This is it. Today is the final installation of the "Greatest Sabres" countdown. It shouldn't have been hard to guess that it would come down to this individual, but there are plenty of reasons why Domink Hasek is the Greatest Sabre of all time.
After being drafted 199th overall by the Chicago Blackhawks in the 1983 NHL Draft, Hasek toiled in the organization, never able to get his chance because of star goalie Ed Belfour's clutch on the starting role.
In 1993, he was traded to Buffalo for goaltender Stephane Beauregard and future considerations, which turned into the pick that was used on Eric Daze.
He initially began by backing up Tom Draper and, later, Grant Fuhr. After Fuhr suffered an injury, Hasek was elevated to the starting spot and quickly became a top-tier goalie.
He would go on to win the 1994 Vezina trophy as the top goaltender and finished as a runner up for the Hart trophy. The next year, he would repeat that feat, winning the Vezina and becoming a Hart finalist.
In 1996/1997, Hasek's success would be overshadowed by a conflict with then-head coach Ted Nolan, despite Hasek winning league MVP. It developed into a clique-like atmosphere in the Sabres dressing room.
After taking himself out of a first round playoff game against Ottawa while suffering from a sprained MCL, the media and some teammates speculated that he was bailing out on the team.
All this led to an article by Buffalo columnist Jim Kelley, which detailed his injury and conflict with Nolan, then questioned Hasek's mental toughness. After a game five loss, Kelley approached Hasek for an interview and was attacked by Hasek.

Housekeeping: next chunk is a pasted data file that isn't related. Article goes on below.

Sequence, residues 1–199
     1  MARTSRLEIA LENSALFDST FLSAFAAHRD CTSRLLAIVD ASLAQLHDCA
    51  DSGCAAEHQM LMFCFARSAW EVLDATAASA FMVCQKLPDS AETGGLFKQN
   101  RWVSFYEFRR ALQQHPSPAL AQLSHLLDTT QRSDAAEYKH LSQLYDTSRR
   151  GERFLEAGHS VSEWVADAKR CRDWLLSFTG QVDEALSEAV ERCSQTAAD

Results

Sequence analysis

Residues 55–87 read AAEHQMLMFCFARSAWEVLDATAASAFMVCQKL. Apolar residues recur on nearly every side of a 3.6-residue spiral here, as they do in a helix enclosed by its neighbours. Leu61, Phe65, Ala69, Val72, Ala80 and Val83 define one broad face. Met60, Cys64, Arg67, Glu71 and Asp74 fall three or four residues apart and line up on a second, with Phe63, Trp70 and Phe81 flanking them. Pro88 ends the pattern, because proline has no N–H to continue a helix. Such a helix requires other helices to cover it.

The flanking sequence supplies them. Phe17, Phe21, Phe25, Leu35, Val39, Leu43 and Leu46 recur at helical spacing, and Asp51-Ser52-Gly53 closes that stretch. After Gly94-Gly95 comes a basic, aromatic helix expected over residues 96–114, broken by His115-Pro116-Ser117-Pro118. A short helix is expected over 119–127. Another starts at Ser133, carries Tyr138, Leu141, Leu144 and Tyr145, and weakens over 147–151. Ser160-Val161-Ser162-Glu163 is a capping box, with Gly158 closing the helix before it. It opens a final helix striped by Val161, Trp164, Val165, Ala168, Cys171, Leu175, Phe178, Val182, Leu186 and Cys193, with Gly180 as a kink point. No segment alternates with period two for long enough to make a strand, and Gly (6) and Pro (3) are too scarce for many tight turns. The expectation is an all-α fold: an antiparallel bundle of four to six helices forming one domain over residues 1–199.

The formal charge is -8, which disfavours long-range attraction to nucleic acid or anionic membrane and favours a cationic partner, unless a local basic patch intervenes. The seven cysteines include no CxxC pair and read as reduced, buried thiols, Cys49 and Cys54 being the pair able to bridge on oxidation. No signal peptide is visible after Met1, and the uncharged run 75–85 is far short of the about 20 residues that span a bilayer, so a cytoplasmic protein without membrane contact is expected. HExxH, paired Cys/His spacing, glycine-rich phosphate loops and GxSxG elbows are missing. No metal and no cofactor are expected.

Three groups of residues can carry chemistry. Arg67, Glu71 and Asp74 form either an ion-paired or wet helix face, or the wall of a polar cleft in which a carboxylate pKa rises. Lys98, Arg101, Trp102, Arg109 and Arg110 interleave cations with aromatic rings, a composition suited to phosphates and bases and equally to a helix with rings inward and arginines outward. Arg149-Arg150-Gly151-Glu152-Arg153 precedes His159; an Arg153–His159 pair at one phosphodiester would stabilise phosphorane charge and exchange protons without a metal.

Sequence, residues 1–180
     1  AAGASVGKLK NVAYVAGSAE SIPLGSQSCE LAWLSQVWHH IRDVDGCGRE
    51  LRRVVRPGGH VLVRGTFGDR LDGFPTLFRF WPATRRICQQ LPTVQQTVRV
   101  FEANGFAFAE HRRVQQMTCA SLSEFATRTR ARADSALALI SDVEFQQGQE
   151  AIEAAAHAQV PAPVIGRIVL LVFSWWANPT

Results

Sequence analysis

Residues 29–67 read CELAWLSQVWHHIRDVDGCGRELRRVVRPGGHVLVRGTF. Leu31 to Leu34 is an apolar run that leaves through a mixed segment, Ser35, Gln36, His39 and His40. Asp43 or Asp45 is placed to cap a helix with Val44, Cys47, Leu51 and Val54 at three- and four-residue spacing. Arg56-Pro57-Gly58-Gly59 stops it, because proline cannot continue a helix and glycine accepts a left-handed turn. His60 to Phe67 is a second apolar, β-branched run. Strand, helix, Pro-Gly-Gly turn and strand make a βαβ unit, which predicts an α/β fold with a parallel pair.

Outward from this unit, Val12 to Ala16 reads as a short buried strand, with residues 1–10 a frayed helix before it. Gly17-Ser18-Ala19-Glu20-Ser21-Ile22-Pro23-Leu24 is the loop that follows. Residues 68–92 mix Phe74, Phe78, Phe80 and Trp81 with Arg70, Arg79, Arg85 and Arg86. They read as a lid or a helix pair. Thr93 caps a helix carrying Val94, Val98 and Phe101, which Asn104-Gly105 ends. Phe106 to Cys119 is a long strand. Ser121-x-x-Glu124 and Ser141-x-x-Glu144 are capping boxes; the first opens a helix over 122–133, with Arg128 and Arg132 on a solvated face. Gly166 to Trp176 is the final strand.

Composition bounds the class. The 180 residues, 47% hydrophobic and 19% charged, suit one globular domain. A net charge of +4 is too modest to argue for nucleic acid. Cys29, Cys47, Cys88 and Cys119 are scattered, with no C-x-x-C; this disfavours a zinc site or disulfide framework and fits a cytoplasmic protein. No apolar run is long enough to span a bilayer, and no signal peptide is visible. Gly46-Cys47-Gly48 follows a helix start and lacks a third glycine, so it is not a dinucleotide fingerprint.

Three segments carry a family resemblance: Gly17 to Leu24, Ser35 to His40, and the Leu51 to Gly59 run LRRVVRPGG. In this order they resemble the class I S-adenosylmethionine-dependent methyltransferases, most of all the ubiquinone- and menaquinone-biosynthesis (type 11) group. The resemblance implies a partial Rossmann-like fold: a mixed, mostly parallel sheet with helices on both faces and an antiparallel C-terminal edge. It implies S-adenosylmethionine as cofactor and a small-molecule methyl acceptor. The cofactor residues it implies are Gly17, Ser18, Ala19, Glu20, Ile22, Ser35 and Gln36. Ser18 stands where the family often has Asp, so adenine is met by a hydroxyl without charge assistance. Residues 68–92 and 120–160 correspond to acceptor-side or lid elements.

The feud came to an end with Nolan when, after 1997 Executive of the Year John Muckler was fired, Hasek suggested it would be better if Nolan was let go.
So, despite winning the Jack Adams Award and being incredibly popular with the fan base, he and the franchise parted ways.
Hasek would shake off the feud and have a dominant 1997/1998 season, setting a team record with 13 shutouts on his way to winning his second straight Hart Trophy, as well as the Lester B. Pearson and the Vezina again.
He is one of six goaltenders to ever win the Hart and the only one to win it back-to-back.
In 1998/1999, Hasek would capture Vezina no.5, his third in a row, and finish as a finalist for the Hart and Pearson.
He would help lead the Sabres to their second ever Stanley Cup Finals appearance, losing in a controversial sixth game that saw Brett Hull score in triple overtime on a play where many debated that his being in the crease should have led to the goal being disallowed.
Hasek would suffer a tough 1999/2000 season, hampered by a nagging groin injury that would force him to miss 40 games and not win a major NHL award for the first time in years.
In 2000/2001, his final season in Buffalo, Hasek set a modern era record by winning his sixth Vezina trophy. He would add a second William M. Jennings trophy for fewest goals against.
Hasek was then dealt to Detroit the following season in an attempt to trim payroll and send him to a contender. He would go on to win two Stanley Cups in Detroit before retiring at the end of this past season.
Hasek will forever be remembered as the man with the slinky spine. The man who would use his head to make a save and use his blocker to cover shots. He'll be known as one of the most decorated goalies in NHL history.
But most importantly, he'll always be remembered as "The Dominator."
Thanks for reading!